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In an August 29, 2016 post, Pastor Mark Dever lists twelve questions to ask before posting something online.  See the article “12 Questions to Ask Yourself Before Posting Something Online” at the 9Marks website.  Link: https://www.9marks.org/article/12-questions-to-ask-yourself-before-posting-something-online/ .  This article caught my attention since I am relatively new at posting articles on my Christian Bible study-related blog (stevebelsheim.com).  Each one of Pastor Dever’s questions is very good.  If you post messages or blogs, you ought to carefully read his article.  I plan to try to write my posts to be consistent with the thrust of his questions.

In this first blog post, I discuss Questions 1-5.  I plan to discuss Questions 6-8 in a second blog post, and Questions 9-12 in a third blog post.

The first question is: “Will it edify? Or significantly inform a useful conversation?” The Scriptural citations are Mark 12:29-31 and 1 Corinthians 14:26.  These passages read:

Mark 12:29–31 (ESV) – 29 Jesus answered, “The most important is, ‘Hear, O Israel: The Lord our God, the Lord is one. 30 And you shall love the Lord your God with all your heart and with all your soul and with all your mind and with all your strength.’ 31 The second is this: ‘You shall love your neighbor as yourself.’ There is no other commandment greater than these.”

1 Corinthians 14:26 (ESV) – 26 What then, brothers? When you come together, each one has a hymn, a lesson, a revelation, a tongue, or an interpretation. Let all things be done for building up.

In the Marcan passage, the ESV translates the Greek noun dianoia as “mind”, and it means, “the psychological faculty of understanding, reasoning, thinking, and deciding—‘mind.’  See Louw, J. P., & Nida, E. A. (1996). Greek-English lexicon of the New Testament: based on semantic domains (electronic ed. of the 2nd edition., Vol. 1, pp. 323–324). New York: United Bible Societies.  If I love God, I will fully commit to engaging my intellectual capabilities in writing my blog.  If I love God, then I will love His ultimate creation, i.e., mankind, in a cognitive, thinking manner.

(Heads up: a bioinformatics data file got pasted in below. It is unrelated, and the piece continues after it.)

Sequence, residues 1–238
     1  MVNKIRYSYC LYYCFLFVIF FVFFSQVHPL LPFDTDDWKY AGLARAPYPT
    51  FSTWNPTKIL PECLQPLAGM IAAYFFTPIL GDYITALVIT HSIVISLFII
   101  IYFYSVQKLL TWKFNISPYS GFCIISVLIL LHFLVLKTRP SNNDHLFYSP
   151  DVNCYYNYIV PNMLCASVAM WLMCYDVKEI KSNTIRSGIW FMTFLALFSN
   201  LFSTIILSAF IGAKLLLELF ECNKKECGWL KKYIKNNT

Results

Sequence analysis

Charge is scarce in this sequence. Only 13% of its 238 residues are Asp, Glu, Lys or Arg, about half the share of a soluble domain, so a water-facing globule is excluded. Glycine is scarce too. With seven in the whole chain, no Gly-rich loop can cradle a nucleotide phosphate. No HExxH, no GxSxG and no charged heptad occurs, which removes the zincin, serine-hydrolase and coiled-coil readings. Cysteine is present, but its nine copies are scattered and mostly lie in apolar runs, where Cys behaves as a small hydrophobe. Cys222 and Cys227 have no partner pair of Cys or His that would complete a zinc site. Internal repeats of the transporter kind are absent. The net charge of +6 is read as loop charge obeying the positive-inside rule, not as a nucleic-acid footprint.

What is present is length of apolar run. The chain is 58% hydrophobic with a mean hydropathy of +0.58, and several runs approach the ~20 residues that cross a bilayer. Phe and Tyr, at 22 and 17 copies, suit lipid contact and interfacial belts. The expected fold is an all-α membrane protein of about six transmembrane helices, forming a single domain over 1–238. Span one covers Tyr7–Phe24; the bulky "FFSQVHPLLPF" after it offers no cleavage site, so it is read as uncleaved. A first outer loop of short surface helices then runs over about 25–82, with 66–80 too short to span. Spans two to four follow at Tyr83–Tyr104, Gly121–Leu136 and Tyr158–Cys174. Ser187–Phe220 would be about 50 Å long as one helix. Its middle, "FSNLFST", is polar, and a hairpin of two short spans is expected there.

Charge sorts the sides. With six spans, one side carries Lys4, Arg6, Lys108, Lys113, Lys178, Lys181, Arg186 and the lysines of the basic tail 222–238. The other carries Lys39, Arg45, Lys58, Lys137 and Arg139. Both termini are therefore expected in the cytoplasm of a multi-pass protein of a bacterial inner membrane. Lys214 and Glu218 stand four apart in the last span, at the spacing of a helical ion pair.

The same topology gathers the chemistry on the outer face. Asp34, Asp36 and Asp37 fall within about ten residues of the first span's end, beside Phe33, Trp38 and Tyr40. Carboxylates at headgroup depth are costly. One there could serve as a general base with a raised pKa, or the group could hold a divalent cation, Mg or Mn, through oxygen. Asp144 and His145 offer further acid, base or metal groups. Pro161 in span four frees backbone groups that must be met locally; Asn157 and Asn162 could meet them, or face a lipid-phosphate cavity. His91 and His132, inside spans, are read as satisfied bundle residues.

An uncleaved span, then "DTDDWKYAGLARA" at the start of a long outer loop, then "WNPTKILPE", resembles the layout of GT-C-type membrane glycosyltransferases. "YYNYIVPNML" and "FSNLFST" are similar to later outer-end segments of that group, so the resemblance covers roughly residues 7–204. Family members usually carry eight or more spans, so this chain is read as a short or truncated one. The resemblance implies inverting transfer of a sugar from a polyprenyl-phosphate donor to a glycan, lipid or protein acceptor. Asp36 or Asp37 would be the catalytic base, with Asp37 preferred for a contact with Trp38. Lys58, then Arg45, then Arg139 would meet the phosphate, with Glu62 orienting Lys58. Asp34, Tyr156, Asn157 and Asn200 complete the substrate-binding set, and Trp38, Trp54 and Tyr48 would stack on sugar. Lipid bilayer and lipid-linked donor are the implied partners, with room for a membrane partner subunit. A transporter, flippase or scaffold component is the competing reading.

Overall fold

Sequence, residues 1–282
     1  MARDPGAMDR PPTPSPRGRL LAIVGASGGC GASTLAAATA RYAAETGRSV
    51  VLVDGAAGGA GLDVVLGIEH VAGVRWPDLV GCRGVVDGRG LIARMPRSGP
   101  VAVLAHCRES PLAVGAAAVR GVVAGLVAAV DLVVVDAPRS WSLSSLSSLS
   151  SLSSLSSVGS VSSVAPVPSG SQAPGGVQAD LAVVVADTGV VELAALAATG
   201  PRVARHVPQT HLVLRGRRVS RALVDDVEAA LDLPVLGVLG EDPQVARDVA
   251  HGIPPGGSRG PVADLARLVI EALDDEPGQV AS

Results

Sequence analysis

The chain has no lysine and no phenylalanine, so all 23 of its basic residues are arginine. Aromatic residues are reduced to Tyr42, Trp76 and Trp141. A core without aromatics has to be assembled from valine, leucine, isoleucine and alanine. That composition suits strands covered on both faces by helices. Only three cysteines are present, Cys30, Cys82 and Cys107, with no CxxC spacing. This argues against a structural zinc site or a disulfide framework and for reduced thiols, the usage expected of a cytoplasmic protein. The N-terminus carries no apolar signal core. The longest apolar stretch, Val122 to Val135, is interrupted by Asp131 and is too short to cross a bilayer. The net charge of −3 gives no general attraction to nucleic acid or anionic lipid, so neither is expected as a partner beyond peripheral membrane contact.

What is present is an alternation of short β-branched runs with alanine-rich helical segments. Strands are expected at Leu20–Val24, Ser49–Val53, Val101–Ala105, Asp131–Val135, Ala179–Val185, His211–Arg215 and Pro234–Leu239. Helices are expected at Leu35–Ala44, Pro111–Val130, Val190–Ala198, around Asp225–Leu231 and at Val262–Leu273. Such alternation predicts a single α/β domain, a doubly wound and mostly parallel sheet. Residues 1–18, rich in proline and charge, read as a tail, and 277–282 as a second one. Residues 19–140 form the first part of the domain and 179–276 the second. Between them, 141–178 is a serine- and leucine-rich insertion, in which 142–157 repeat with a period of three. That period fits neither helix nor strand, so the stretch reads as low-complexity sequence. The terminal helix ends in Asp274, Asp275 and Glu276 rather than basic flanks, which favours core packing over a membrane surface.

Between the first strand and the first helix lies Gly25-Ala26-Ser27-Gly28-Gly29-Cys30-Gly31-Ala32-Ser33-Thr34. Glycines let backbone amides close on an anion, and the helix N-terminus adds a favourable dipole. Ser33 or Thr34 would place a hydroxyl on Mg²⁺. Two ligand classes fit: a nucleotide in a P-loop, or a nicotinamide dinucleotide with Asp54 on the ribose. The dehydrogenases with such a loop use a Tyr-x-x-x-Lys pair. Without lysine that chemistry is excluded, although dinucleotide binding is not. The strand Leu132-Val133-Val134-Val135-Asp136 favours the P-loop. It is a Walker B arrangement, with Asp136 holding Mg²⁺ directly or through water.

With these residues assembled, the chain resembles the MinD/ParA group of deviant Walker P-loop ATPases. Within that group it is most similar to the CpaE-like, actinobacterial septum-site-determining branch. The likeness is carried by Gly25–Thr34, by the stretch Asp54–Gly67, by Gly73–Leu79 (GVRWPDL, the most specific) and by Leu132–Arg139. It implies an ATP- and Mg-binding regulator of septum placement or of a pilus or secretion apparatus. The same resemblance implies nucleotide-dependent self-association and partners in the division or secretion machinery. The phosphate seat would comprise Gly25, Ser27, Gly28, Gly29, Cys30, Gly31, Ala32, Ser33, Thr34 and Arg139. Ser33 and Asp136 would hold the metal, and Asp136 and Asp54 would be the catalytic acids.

About 1 Corinthians 14:26, the Greek adjective pas means “the totality of any object, mass, collective, or extension—‘all, every, each, whole.”  See Louw, J. P., & Nida, Vol. 1, p. 596.  The ESV translates the Greek noun oikodomē as “building up.”  The Logos 8 sense of this word is, “building up – the act of bringing something closer to fullness or completion; understood as if assisting in the construction of an incomplete building.” 

How do these passages impact what I post on my blog?   The content of my blog posts ought to demonstrate that I love God and fully commit my intellectual capabilities to develop the content.  The content also ought to show that I love people as much as I love myself so that what I write helps people grow in spiritual maturity.  This goal is consistent with Mark Dever’s question, “How will it [blog post] increase their knowledge, or faith, or love?”

The second question is: “Will it easily be misunderstood?”The Scriptural citations are John 13:7 16:12, and they read:

John 13:7 (ESV) – 7 Jesus answered him, “What I am doing you do not understand now, but afterward you will understand.”

John 16:12 (ESV) – 12 “I still have many things to say to you, but you cannot bear them now.

John 13:1-20 reports Jesus washing the feet of the disciples.  At the time Jesus did this, the disciples’ lacked knowledge of all the facts, e.g., the Passion of the Christ, to understand Jesus’ actions.  But, someday they will know all the necessary facts to understand Jesus’ actions.  One commentator writes about John 13:7:

But Jesus expects him to submit to the washing in faith. As the disciples cannot yet understand how the one whom they venerate as the Messiah must go to the cross, so they cannot understand the symbol-laden acts that anticipate it. Peter and the others will understand later—or, better, ‘after these things’ (Gk. meta tauta). This does not refer to the footwashing, but to the passion to which the footwashing points.

Carson, D. A. (1991). The Gospel according to John (p. 463). Leicester, England; Grand Rapids, MI: Inter-Varsity Press; W.B. Eerdmans.

John 16:4b-15 records Jesus’ description of the future work of the Holy Spirit.  In John 16:12, the ESV translates the Greek verb bastazō as “bear,” and it means to accept, but with the implication of the truth is challenging to comprehend or to respond to appropriately.”  See Louw & Nida, 2nd edition., Vol. 1, p. 372.  Referring to verse 12, one commentator writes:

Jesus knew their situation, and he knew they were totally confused. He knew they could not handle much more in the way of up-front instruction, so although he had more to add, he would wait until the coming of the Spirit (v. 13).

Borchert, G. L. (2002). John 12–21 (Vol. 25B, p. 168). Nashville: Broadman & Holman Publishers.